For eight days a woman from California walked aimlessly around San Francisco International Airport because she did not have enough money to pay the $60 fee to check her baggage for her flight on U.S. Airways. The woman, Terri Wessinger, stated that she was not aware that she would need to pay a luggage fee as Orbitz, the website she used to purchase it, failed to notify her of it so she was not financially prepared. $30 in her pocket, a plane ticket to Idaho, and a couple bags of troublesome luggage was, apparently, all she had in the world. Upon offering to just chuck her bags and board her flight, U.S. Airways reportedly said that she was prohibited from doing so as it would be a security concern. No friends or relatives came to her aid to lend her the sixty bucks so she could get her on the flight which she inevitably missed.
Upon missing her flight, U.S. Airways informed her that she would now need to pay a $150 ticket change fee in addition to the $60 baggage fee. Again, she claimed that she couldn’t do so as she only had $30. The airline did not bend, the rules are the rules.
But the woman did not go home. She later told reporters that she was moving to Idaho to start a new life, and, apparently, she had did not have one to go back to in California. So she Mehran Karimi Nasseri-ed it, and just stayed in the airport. The following day U.S. Airways informed her that if she still wanted to fly with them to Idaho that she would need to pay for a whole new ticket at a total cost of around $1,000.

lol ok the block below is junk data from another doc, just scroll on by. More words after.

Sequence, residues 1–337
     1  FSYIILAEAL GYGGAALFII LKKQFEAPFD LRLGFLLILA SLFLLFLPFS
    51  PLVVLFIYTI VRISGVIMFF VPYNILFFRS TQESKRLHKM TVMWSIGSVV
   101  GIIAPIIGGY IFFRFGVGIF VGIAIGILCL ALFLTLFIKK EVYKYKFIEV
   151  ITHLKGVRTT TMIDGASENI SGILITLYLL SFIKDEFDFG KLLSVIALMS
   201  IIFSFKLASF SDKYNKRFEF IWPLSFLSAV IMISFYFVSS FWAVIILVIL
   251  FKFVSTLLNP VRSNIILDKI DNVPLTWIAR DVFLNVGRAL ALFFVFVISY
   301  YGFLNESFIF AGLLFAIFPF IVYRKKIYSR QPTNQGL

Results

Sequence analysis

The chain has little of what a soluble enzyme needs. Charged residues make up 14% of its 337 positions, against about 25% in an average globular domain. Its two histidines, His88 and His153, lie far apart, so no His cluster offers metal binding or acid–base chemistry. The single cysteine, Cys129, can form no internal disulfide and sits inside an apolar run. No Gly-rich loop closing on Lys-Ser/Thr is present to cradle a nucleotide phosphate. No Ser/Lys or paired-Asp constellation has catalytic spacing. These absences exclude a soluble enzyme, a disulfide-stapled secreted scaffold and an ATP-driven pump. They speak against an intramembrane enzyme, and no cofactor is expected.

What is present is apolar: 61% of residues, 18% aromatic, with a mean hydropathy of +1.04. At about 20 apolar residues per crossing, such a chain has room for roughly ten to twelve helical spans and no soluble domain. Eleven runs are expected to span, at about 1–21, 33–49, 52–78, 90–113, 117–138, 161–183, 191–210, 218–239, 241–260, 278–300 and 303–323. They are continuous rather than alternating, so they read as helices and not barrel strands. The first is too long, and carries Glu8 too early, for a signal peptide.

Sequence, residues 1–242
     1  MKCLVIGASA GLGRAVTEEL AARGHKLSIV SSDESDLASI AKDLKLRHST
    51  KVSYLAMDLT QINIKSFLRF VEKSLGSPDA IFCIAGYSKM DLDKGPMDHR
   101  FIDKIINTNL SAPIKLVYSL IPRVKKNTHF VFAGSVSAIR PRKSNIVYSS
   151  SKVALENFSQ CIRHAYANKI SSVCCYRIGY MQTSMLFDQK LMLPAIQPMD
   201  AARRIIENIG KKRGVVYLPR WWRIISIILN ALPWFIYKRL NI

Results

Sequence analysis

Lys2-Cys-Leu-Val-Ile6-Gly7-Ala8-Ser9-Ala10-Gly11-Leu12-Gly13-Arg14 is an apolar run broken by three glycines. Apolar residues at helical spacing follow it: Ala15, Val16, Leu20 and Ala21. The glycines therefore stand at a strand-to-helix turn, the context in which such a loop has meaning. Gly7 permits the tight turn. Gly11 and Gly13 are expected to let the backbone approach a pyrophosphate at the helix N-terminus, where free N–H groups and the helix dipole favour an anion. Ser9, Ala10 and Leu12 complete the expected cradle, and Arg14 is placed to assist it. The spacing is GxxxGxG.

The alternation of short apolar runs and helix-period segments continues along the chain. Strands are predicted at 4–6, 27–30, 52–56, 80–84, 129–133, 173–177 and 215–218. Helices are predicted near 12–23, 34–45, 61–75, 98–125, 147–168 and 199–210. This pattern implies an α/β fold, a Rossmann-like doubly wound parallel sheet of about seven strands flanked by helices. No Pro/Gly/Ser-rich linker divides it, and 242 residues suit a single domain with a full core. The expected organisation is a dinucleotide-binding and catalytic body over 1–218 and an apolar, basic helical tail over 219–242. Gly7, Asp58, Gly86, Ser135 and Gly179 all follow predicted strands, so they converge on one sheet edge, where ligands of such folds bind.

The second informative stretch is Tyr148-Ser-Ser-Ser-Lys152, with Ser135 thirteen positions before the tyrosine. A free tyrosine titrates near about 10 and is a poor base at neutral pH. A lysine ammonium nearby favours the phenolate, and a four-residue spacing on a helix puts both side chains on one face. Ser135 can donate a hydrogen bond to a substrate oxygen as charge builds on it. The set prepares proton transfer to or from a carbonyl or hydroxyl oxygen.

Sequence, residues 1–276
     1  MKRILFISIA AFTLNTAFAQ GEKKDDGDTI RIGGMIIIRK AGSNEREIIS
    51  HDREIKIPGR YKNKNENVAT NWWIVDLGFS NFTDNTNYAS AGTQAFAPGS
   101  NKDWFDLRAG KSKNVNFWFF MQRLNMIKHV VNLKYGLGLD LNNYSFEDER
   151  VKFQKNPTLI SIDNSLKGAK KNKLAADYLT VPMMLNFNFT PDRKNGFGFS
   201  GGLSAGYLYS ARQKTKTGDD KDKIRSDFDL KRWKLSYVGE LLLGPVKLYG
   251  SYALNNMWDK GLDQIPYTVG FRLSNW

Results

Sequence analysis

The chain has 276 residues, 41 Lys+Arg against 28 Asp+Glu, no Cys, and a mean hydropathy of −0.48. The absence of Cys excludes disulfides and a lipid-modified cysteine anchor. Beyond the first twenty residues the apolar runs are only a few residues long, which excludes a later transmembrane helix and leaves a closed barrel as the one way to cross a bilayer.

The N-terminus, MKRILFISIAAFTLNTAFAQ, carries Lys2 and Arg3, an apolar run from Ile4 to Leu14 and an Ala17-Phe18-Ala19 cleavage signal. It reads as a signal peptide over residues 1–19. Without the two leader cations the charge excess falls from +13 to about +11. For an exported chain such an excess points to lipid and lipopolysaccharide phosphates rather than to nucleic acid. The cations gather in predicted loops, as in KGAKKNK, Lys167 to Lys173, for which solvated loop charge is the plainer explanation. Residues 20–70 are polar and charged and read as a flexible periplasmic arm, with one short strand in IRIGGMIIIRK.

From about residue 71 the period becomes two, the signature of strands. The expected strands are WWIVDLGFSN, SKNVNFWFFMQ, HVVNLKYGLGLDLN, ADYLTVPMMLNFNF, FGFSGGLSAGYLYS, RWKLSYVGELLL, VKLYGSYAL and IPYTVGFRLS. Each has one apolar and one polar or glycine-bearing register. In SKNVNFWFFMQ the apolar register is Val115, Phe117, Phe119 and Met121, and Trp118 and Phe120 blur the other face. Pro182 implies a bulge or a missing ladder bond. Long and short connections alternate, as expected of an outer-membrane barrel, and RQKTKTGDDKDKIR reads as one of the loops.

Now, truly unable to go forward or go back, she watched the days pass at the airport. Seven more past before parishioners at the “The Airport Chapel of Christ” offered up the cash to spring her out of the jam.
U.S. Airways had this to say:
“We have apologized to Ms. Weissinger, but unfortunately are unable to offer a refund. When you purchase a non-refundable ticket, you accept the terms and conditions. If a passenger cannot travel with their bags, they need to make other arrangements.”
The bright side:
This situation provoked new federal regulations which make online plane ticket retailers to prominently display all extra baggage fees.
Ultimately, it is the air passenger’s responsibility to know their airline’s rules, restrictions, and, yes, baggage fees before walking up to that check in counter. Unfortunately, many travelers find themselves walking through mazes to find this information or are inherently too lackadaisical to look for it. Situations like those that happened to Terri Wessinger at the San Fransisco International Airport are making the airlines more transparent to both groups.